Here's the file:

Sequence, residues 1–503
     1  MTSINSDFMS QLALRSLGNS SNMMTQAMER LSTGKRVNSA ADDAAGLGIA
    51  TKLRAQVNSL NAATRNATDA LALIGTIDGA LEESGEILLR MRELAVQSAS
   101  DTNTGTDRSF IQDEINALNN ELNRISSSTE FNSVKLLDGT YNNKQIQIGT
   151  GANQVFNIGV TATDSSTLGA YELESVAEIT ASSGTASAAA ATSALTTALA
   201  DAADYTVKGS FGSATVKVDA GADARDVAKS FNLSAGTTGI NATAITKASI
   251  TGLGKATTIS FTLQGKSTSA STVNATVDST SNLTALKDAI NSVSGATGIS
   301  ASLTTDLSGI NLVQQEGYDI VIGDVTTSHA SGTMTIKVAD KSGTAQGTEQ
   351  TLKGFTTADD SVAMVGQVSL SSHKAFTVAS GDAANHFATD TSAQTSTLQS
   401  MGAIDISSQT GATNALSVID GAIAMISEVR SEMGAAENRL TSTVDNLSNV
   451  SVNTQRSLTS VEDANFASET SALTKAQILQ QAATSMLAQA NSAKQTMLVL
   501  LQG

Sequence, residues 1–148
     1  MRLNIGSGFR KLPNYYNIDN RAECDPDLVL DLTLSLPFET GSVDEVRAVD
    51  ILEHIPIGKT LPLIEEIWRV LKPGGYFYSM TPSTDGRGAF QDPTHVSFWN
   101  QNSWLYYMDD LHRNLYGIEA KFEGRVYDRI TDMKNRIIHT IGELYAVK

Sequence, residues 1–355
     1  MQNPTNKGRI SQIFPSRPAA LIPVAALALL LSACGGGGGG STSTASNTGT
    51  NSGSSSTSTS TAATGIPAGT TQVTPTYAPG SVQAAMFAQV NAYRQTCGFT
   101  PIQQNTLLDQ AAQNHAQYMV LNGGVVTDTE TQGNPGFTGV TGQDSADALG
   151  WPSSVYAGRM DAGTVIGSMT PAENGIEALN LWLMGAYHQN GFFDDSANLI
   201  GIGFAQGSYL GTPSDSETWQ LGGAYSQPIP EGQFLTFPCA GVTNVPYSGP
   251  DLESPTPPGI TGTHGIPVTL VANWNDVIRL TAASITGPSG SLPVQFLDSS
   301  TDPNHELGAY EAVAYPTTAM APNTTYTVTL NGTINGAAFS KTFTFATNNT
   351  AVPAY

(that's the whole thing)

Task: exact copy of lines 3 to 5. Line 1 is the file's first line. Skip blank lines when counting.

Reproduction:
    51  TKLRAQVNSL NAATRNATDA LALIGTIDGA LEESGEILLR MRELAVQSAS
   101  DTNTGTDRSF IQDEINALNN ELNRISSSTE FNSVKLLDGT YNNKQIQIGT
   151  GANQVFNIGV TATDSSTLGA YELESVAEIT ASSGTASAAA ATSALTTALA